Monday, September 28, 2020

Foreigners with long-term visas may again enter Philippines

Jul 18. 2020
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By Julie M. Aurelio
Philippine Daily Inquirer/ANN

Even as coronavirus cases in the country continue to rise, the government is further easing travel restrictions and again allowing foreign nationals with long-term visas to enter the Philippines starting Aug. 1.

Presidential spokesperson Harry Roque on Friday said the decision of the Inter-Agency Task Force for the Management of Emerging Infectious Diseases (IATF) was “in compliance with the directive to ensure the increase of the capacities of the business sector vis-à-vis available transportation to revitalize the economy in Metro Manila and Calabarzon (Cavite, Laguna, Batangas, Rizal and Quezon).”

In IATF Resolution No. 56 issued on Thursday, the task force prescribed several conditions for foreigners wishing to travel to the country, such as mandatory testing and quarantine for COVID-19.

The resolution covers foreign nationals with immigrant visas as provided for in Commonwealth Act No. 613, or the Philippine Immigration Act of 1940, Republic Act No. 7919, or the Alien Social Integration Act of 1995, and Executive Order No. 324 signed by then President Corazon Aquino on waiving passport requirements for certain immigrants.

No new visa application

“Beginning Aug. 1, 2020, foreign nationals with long-term visas shall be allowed entry in the Philippines, while maintaining the priority of returning overseas Filipinos,” the resolution read.

Foreign nationals with long-term visas who wish to travel to the country should have valid and existing visas at the time of entry.

“However, no new entry visa application shall be accepted,” the IATF said.

Foreign nationals should also prebook an accredited quarantine facility and a COVID-19 testing provider.

Their entry into the Philippines is also “subject to the maximum capacity of inbound passengers at the port and date of entry,” the IATF said.

The resolution was released to the media on Friday amid a new high in COVID-19 cases in the country. The Department of Health reported later that day that the national count on coronavirus cases had reached 63,001.

In an interview over state-run PTV, Roque said foreign nationals with long-term visas should stay in accredited quarantine facilities while waiting for the results of their COVID-19 polymerase chain reaction test.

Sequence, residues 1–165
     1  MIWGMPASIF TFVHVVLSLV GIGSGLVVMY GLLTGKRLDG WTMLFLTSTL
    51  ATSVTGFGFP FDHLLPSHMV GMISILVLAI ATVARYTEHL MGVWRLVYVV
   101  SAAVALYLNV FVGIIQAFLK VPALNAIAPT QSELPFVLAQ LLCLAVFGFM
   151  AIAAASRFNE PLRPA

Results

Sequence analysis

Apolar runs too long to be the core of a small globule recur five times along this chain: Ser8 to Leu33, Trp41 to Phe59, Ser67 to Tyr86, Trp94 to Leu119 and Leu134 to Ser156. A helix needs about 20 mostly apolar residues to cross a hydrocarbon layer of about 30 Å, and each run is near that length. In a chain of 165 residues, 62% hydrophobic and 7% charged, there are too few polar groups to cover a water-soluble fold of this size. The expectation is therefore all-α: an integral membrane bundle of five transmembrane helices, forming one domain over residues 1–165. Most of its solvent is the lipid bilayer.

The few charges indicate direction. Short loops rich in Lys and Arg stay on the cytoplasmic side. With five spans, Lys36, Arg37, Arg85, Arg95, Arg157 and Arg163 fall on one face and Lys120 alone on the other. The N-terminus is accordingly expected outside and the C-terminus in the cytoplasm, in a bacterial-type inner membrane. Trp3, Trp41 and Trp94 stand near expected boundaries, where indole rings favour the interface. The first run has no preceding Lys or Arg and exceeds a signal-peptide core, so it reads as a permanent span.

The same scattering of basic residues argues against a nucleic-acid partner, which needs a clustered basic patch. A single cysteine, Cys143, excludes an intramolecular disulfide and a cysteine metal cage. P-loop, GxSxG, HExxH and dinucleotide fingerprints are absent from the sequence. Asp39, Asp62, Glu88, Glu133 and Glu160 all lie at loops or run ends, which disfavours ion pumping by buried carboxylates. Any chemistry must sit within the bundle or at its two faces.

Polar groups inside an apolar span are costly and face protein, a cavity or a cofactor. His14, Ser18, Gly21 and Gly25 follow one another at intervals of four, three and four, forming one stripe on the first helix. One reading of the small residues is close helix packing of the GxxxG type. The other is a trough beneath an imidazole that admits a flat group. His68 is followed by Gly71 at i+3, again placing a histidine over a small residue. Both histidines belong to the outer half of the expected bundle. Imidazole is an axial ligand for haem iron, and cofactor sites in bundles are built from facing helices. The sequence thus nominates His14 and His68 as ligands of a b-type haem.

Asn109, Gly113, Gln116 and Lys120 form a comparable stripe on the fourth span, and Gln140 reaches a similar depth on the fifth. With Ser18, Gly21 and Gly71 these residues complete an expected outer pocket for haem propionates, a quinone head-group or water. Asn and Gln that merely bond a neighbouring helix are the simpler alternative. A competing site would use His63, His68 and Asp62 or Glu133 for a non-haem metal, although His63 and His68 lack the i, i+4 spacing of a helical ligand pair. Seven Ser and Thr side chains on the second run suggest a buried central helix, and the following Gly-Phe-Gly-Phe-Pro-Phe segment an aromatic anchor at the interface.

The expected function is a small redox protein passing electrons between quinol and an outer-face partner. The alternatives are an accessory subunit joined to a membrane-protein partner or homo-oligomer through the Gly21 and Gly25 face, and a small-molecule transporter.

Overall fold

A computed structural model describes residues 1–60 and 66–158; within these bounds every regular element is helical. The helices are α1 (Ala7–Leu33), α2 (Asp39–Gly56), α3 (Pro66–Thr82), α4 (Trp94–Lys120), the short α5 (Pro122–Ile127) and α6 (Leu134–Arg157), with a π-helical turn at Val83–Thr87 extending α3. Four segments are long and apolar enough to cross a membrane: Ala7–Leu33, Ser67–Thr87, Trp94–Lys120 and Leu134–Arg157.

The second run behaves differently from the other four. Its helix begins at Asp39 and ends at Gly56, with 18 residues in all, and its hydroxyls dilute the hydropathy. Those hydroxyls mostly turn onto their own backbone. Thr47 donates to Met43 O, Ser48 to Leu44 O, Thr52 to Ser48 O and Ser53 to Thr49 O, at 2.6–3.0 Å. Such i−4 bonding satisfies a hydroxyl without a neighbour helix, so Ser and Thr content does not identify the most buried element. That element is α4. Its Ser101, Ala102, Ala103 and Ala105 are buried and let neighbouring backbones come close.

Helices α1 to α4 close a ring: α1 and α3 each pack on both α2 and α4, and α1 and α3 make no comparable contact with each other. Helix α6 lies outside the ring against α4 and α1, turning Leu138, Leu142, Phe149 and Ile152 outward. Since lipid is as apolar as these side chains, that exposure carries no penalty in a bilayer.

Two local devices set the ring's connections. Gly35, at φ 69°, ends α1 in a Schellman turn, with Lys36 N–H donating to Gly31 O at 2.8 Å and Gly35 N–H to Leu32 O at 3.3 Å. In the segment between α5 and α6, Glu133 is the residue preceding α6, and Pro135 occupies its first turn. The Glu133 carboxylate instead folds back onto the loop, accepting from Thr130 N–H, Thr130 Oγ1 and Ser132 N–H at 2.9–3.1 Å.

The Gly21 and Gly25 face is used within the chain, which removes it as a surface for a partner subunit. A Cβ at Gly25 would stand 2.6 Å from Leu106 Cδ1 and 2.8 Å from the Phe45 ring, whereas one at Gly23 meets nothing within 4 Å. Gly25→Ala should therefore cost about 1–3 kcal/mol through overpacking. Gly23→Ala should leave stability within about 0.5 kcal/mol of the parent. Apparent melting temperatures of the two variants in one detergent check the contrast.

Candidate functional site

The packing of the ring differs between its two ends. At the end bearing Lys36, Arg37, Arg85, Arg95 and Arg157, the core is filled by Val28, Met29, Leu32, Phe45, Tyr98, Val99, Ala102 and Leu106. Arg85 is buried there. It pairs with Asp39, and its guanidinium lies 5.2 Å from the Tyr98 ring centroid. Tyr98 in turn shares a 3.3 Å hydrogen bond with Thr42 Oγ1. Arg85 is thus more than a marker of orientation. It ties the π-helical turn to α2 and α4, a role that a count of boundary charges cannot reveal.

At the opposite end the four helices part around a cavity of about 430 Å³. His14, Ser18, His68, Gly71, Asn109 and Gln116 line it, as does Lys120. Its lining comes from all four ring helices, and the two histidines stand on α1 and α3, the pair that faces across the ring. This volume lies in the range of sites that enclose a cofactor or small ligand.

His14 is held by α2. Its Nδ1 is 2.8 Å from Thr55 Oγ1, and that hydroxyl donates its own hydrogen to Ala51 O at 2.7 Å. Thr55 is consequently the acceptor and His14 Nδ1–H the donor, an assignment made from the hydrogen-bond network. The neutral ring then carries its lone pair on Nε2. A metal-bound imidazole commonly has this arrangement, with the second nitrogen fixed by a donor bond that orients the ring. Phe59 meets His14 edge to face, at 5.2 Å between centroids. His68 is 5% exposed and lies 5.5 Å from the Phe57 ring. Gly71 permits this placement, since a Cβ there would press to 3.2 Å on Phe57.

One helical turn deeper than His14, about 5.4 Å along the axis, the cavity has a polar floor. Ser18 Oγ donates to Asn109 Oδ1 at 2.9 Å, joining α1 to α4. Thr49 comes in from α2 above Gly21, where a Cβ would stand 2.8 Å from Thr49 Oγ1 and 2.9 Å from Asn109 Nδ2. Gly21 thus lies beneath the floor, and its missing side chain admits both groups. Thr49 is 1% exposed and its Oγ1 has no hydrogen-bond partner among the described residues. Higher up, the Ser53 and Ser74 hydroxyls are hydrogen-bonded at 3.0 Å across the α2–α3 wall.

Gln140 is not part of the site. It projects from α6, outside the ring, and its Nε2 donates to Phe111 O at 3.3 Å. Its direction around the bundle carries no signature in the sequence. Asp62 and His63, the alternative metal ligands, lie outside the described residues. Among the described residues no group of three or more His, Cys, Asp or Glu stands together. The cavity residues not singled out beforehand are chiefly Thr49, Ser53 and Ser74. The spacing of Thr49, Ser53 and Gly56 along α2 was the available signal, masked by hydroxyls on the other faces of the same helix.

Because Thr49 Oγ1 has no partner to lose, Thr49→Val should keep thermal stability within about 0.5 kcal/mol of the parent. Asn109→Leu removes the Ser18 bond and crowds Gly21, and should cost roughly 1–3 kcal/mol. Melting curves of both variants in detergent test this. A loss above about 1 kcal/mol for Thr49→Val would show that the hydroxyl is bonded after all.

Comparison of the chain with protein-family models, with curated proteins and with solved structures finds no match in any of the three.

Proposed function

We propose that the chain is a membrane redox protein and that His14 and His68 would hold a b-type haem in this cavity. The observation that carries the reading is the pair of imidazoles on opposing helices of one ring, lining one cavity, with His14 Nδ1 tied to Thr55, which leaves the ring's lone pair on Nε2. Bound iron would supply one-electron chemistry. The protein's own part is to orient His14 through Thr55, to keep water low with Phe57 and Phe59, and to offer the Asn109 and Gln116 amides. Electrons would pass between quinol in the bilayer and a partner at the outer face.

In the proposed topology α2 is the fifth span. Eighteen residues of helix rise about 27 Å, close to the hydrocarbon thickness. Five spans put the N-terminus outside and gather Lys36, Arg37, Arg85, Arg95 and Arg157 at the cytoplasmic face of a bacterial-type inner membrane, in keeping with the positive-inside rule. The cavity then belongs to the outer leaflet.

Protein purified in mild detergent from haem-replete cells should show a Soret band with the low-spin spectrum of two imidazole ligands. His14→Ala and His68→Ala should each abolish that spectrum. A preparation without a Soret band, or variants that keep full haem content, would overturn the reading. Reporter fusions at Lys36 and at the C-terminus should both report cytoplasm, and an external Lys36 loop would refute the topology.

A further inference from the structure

He also sought to allay the public’s concern that foreigners entering the country may be carrying the coronavirus.

“And these are not ordinary foreigners. These are foreigners who consider the Philippines as their home, since they are permanent residents,” Roque said.

Outbound travel

The resolution came 10 days after the IATF lifted the restrictions on Filipinos’ nonessential travel out of the country, and other travel restrictions on outbound travel due to the COVID-19 pandemic.

IATF Resolution No. 52, released on July 7, imposed several requirements on Filipinos’ outbound travel, such as confirmed round-trip tickets for those traveling on tourist visas, as well as adequate travel and health insurance to cover rebooking and accommodation expenses should they be stranded and hospitalized because of infection.

They should also present proof that they were allowed entry by the destination country, in accordance with respective travel, health and quarantine restrictions.

Filipinos wishing to go abroad for nonessential travel are also required to execute a declaration acknowledging risks in traveling, including the possibility of delay in their return trip.

Upon their return to the Philippines, they should follow the health protocols set by the National Task Force on COVID-19, such as mandatory quarantine and testing.

The government barred most foreigners from entering the country beginning March 22, when Luzon island and other parts of the country went into lockdown.

Among those still allowed to enter the country at the time were foreign spouses and their children accompanied by a Filipino national, as well as officials of foreign governments or international organizations.

The government first imposed a travel ban on Hubei province, China, where the coronavirus pandemic originated, on Jan. 31 and expanded the ban to the rest of China, Hong Kong and Macau on Feb.22.

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